The death of an unarmed driver on the Grand Central Parkway continues to raise questions—about what could have prompted a veteran ESU detective to fire and about the detective himself. As both NYPD Internal Affairs and the Queens DA's office investiate the fatal shooting of Noel Polanco, a 22-year-old National Guard reservist, it's now been revealed that the detective has been previously sued for police abuse.

Detective Hassan Hamdy, 39, was named in two federal civil rights lawsuits filed against police officers that the city eventually settled. The NY Times reported they were in 2001—$235,000—and 2008—$291,000. Hamdy was one of many officers in both cases: "One lawsuit accused the officers of breaking down the door of a man’s home without a warrant and assaulting him; another charged that officers repeatedly harassed a business owner. 'In the 2008 case, his role was minor at best,' a Law Department spokeswoman said Friday night. She said it was unclear what role Detective Hamdy had played in the earlier case. She said the city’s position was that 'a settlement in a police case does not indicate wrongdoing on the part of the officer.'"

However, the plaintiffs in the 2008 case, Dorothy Garcia and her grandson Tyrell, spoke to WCBS 2. The pair say cops kicked, punched, and hit Tyrell Garcia with their guns during an arrest, as well as "dragged his body across a chain link fence." Dorothy Garcia said, "I know that they were very aggressive." Their attorney Fred Lichtmacher said, "Why wouldn’t an officer involved in a case earlier be involved in another incident? The NYPD doesn’t do anything. They don’t discipline their officers for most things they do."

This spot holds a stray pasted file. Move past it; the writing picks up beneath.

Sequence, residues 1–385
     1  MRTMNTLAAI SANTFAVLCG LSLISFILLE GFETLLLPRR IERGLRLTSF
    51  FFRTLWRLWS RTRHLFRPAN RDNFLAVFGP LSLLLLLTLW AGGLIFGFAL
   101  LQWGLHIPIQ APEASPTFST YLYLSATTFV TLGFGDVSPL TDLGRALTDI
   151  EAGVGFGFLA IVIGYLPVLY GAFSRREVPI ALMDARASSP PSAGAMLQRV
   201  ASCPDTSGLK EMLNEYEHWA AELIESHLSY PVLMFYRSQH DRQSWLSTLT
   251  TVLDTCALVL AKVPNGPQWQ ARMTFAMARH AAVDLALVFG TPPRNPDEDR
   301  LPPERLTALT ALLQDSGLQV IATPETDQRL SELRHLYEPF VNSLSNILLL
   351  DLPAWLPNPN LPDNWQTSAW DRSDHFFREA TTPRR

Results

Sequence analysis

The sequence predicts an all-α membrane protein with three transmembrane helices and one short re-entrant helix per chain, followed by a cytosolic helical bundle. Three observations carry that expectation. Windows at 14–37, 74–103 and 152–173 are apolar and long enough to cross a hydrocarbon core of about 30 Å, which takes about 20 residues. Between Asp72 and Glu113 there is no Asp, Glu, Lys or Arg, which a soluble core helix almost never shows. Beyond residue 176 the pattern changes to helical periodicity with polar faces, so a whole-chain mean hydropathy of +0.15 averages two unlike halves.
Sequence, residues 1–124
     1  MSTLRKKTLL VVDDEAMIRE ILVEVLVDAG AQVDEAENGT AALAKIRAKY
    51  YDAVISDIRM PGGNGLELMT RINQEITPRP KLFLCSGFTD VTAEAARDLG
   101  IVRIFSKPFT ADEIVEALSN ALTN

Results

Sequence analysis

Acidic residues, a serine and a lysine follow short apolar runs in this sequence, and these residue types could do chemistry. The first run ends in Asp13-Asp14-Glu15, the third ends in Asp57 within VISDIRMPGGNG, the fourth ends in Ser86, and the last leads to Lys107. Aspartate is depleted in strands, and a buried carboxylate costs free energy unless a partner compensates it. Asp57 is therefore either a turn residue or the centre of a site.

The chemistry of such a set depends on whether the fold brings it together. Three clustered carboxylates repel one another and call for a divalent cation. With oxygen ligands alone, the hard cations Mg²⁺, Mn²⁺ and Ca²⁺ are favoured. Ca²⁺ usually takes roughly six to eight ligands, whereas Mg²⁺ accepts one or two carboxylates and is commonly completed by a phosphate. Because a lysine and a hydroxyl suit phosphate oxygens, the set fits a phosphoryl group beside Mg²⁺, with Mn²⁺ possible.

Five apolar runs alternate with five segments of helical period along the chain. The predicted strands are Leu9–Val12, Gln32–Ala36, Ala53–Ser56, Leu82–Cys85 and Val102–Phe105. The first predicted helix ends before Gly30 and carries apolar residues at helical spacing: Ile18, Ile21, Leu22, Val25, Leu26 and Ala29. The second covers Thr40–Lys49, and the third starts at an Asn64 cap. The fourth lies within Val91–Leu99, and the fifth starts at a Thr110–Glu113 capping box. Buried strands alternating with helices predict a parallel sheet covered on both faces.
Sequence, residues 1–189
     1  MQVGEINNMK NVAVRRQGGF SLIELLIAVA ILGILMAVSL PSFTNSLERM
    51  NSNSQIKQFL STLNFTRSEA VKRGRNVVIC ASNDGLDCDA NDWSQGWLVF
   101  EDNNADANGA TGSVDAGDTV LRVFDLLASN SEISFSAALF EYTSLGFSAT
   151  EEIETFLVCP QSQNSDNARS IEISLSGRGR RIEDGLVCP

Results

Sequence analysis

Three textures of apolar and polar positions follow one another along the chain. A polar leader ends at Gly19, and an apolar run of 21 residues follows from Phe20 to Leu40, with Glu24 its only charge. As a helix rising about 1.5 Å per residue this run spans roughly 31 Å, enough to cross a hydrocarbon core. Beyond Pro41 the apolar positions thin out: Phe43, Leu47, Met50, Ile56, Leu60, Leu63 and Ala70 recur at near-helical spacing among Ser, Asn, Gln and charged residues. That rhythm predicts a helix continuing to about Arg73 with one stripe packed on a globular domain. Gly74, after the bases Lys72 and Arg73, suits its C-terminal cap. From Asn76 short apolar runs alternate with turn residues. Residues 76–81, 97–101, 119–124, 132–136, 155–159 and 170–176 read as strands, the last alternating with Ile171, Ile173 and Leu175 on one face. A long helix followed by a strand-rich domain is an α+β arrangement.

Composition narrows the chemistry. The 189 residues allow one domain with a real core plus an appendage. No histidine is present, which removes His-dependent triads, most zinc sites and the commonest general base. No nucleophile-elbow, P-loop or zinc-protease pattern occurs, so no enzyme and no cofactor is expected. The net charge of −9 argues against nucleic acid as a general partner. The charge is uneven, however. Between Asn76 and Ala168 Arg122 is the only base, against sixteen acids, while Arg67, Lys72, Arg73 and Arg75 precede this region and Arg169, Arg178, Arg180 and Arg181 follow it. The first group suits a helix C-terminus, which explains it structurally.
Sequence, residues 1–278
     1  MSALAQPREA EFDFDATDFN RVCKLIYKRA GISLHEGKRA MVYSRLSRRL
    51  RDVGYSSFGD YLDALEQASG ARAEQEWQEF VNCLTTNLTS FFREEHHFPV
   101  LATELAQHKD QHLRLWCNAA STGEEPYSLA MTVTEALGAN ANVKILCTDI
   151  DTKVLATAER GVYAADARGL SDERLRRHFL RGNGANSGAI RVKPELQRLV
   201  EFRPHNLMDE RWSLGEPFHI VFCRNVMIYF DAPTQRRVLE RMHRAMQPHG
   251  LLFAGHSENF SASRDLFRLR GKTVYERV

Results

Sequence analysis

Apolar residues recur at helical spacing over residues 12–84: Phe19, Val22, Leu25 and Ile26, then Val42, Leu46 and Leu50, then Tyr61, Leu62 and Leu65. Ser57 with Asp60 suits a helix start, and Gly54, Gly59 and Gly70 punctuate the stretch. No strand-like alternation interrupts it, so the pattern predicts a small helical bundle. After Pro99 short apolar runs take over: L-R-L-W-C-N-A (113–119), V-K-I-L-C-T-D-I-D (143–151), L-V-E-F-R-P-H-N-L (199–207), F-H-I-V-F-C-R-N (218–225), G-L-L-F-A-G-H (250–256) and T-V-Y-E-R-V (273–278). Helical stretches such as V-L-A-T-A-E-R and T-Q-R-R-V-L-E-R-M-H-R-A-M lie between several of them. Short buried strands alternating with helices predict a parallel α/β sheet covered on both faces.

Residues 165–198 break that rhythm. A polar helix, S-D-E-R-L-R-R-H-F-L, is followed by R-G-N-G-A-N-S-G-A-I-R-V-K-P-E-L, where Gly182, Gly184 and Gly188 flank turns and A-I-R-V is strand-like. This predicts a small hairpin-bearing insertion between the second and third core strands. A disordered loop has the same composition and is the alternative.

However, Hamdy has also been portrayed as a dedicated, at times heroic officer. Earlier this year, he helped rescued people from a burning building while executing a search warrant nearby.

The shooting occurred on Thursday morning: Polanco had apparently cut off an ESU vehicle on the Grand Central Parkway near LaGuardia Airport. Police say that he was driving erratically, so they pulled him over, while Polanco's passenger Diane DeFerrari says that while Polanco did cut off the police, then the ESU vehicles were trying to run him off the road. During the traffic stop, Hamdy, standing on the front passenger side next to DeFerrari, fired at Polanco once.

DeFerrari says Polanco's hands were on the wheel, but Michael Palladino, president of the Detectives’ Endowment Association, told the Times thought sounded unlikely, "No police officer would shoot a person who has both hands on the steering wheel. We have gone done this road before so I ask the public to withhold their judgment until the investigation is complete."

Still, Polanco's mother Cecilia Reyes said, "How are you just going to shoot a person without asking for a license or a registration? No — this is not staying like this. I want justice for my son." Police Commissioner Ray Kelly visited Reyes and the family to offer his condolences. Polanco had joined the National Guard and worked at a Honda dealership as well as at a nightclub in Astoria where DeFerrari works as a bartender (since they were neighbors, he had picked up DeFerrari and another friend from the club that morning).

Reyes added that her son wanted to join the NYPD, "All he wanted to do was go to the military, continue his career in the military, and then continue his career as an officer. That was his dream."